Did you ever wonder why is it that a politician can hear his opponent propose something completely logical and reasonable, only to attack and demonize him? Well, imagine the alternative. If the politician admits, "Yeah, my opponent is on to something good" then the question to him would then be "Well, are you admitting we should vote for him instead of you?" Out of fear of this question, politicians generally prefer partisan attacks to compromise and cooperation. This is the current basis of how government works in North America.
It is not only in politics that cooperation is feared because it is seen as a sign of weakness. In most social debates, there is more often than not heated argument between closed minds rather than intellectual discussion for precisely this reason. Mention the possibility of private health care in Canada and watch as the anti-private crowds rise up, crosses burning, reading to lynch you. Suggest that maybe there should be some kind of limitation on abortion, for example making women go for a pre-procedure counselling session to make sure this is what they want and that they are fully appraised of the risks, and you will be accused of wanting women to procure back-alley abortions and die of septic shock.
Homosexuality and religion also fits this trend. For some, the concern that there are observant Jews who are homosexual and therefore suffer from urges contrary to what the Torah considers permissible is very real. These people are suffering on multiple levels. They want to worship God but one of their basic drives is described by the Torah as an abomination. Many in the frum community want to help out of their desire to help a fellow Jew in pain. It was in this spirit that YU recently hosted its very controversial forum on homosexuality and Orthodoxy. Yes, the event was criticized by many in the rabbinical leadership of the school but it is clear that the organizers' hearts were in the right place.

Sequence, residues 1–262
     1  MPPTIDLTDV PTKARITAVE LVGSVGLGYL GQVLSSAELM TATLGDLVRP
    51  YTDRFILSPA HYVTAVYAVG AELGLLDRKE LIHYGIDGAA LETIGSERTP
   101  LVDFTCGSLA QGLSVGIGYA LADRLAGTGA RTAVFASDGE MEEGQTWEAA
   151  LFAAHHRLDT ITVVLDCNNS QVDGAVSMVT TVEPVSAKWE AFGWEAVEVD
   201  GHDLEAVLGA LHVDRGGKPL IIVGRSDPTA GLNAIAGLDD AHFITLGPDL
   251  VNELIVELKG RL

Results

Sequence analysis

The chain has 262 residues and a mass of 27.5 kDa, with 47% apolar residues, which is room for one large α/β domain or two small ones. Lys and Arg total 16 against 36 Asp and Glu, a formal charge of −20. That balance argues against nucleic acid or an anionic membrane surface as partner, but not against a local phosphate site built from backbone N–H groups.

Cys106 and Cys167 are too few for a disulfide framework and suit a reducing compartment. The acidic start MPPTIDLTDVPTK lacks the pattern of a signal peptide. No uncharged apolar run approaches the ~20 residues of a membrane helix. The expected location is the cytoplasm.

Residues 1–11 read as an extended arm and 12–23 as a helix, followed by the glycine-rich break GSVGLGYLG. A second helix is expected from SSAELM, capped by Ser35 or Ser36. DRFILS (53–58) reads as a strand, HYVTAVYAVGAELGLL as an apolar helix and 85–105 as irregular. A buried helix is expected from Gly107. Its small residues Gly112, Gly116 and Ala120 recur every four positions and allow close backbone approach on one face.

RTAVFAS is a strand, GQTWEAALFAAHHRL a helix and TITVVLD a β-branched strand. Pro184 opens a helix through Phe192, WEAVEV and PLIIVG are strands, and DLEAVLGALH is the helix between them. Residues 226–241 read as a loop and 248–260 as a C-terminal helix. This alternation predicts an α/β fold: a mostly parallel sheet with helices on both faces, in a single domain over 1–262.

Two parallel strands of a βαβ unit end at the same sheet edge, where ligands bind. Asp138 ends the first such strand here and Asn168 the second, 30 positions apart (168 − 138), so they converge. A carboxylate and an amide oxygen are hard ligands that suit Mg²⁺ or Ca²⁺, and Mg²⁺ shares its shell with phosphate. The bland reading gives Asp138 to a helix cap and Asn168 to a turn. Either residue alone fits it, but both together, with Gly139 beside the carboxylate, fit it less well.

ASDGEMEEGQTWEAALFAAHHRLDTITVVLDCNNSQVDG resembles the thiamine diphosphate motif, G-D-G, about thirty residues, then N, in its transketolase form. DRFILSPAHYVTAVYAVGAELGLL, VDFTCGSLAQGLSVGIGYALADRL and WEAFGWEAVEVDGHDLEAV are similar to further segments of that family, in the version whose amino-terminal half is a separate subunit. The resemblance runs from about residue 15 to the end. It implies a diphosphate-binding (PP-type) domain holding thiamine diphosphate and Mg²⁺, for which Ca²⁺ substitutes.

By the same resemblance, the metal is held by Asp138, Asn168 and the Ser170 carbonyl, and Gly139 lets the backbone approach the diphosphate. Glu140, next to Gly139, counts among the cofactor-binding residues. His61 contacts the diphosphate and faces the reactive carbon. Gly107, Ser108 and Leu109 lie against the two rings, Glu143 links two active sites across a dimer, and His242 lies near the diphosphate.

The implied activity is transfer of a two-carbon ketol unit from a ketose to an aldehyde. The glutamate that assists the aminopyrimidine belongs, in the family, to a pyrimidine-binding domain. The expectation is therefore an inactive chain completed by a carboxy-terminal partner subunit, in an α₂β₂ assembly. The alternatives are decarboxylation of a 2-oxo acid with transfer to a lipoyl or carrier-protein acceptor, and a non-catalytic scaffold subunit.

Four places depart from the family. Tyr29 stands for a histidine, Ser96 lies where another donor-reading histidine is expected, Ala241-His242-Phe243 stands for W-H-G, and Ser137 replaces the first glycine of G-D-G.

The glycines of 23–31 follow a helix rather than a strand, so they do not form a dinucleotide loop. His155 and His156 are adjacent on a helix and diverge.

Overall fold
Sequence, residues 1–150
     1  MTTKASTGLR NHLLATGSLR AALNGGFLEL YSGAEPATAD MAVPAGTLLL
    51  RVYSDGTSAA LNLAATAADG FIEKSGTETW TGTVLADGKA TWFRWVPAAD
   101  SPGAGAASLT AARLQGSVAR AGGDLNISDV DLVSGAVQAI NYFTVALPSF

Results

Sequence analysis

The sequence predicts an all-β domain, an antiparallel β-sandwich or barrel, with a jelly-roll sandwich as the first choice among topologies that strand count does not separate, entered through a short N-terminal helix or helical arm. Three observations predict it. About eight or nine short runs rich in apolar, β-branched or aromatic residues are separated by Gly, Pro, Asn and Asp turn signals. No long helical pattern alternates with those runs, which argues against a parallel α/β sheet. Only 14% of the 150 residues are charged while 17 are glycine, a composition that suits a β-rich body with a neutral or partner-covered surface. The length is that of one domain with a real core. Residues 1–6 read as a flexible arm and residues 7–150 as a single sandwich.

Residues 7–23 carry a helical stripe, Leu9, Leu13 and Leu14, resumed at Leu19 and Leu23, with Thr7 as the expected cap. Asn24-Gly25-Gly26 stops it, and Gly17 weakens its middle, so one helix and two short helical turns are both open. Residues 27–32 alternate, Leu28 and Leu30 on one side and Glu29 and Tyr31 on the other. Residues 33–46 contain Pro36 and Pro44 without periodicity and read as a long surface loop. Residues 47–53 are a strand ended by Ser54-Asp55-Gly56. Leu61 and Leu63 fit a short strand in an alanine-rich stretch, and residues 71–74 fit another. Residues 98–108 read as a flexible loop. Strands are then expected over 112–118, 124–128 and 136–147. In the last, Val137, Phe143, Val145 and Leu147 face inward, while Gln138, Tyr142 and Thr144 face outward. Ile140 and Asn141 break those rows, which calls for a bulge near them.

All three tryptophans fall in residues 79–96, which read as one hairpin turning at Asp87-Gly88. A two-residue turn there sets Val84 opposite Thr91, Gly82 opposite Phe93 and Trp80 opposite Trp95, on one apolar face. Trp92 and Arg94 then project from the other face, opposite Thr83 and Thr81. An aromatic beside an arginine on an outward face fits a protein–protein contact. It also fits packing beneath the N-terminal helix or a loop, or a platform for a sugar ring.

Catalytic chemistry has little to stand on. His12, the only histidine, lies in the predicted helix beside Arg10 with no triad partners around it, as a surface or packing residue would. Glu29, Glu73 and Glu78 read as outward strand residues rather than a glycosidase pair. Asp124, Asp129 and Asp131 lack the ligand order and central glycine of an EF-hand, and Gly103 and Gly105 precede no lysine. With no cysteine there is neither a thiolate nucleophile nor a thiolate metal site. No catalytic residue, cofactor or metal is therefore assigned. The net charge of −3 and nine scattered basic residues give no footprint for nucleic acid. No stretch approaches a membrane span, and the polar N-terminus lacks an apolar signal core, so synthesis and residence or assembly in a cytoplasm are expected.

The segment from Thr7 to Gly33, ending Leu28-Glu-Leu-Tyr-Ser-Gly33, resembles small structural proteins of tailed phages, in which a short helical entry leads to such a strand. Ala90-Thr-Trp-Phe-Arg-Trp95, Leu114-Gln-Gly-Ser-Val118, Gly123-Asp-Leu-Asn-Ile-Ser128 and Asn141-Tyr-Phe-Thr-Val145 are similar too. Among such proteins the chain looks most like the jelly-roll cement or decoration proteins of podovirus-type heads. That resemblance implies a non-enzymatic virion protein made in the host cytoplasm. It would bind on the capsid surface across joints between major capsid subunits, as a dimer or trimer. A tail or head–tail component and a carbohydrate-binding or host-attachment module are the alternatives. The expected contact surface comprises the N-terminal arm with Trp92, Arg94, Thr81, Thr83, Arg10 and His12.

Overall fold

Unfortunately, an attempt at opening up discussion on this issue isn't an end in itself but a means towards a more concerning end. As this article in The Jewish Week suggests, the forum is a stepping stone for some towards a greater agenda, the acceptance of homosexuality as "normal" by Torah Judaism.
The argument is often made that homosexuality is a matter of choice, and that an Orthodox Jew engaging in it has made a free-will decision to disobey Jewish law. However given the culture of Yeshiva University, it is difficult, if not impossible, to imagine any of its students voluntarily choosing a homosexual orientation. As an undergraduate at Yeshiva in the 1960s, I knew a handful of gay students. Generally, they were marginalized by their peers, myself included, I am sorry to say. Subsequently, when I served on the faculty, I do not recall either private or public discussion of the issue. Surely, an open forum was long overdue, and its organizers deserve great credit for their courage and leadership.
More fundamentally, however, the forum on Orthodoxy and homosexuality vividly illustrates the growing distance between Orthodox and non-Orthodox Jewry, two worlds that operate, as it were, in different dimensions within a fractured Jewish people. And as Orthodox Judaism experiences significant demographic growth and becomes an even more vital factor in Jewish communal life, the gulf between these two worlds looms increasingly ominous.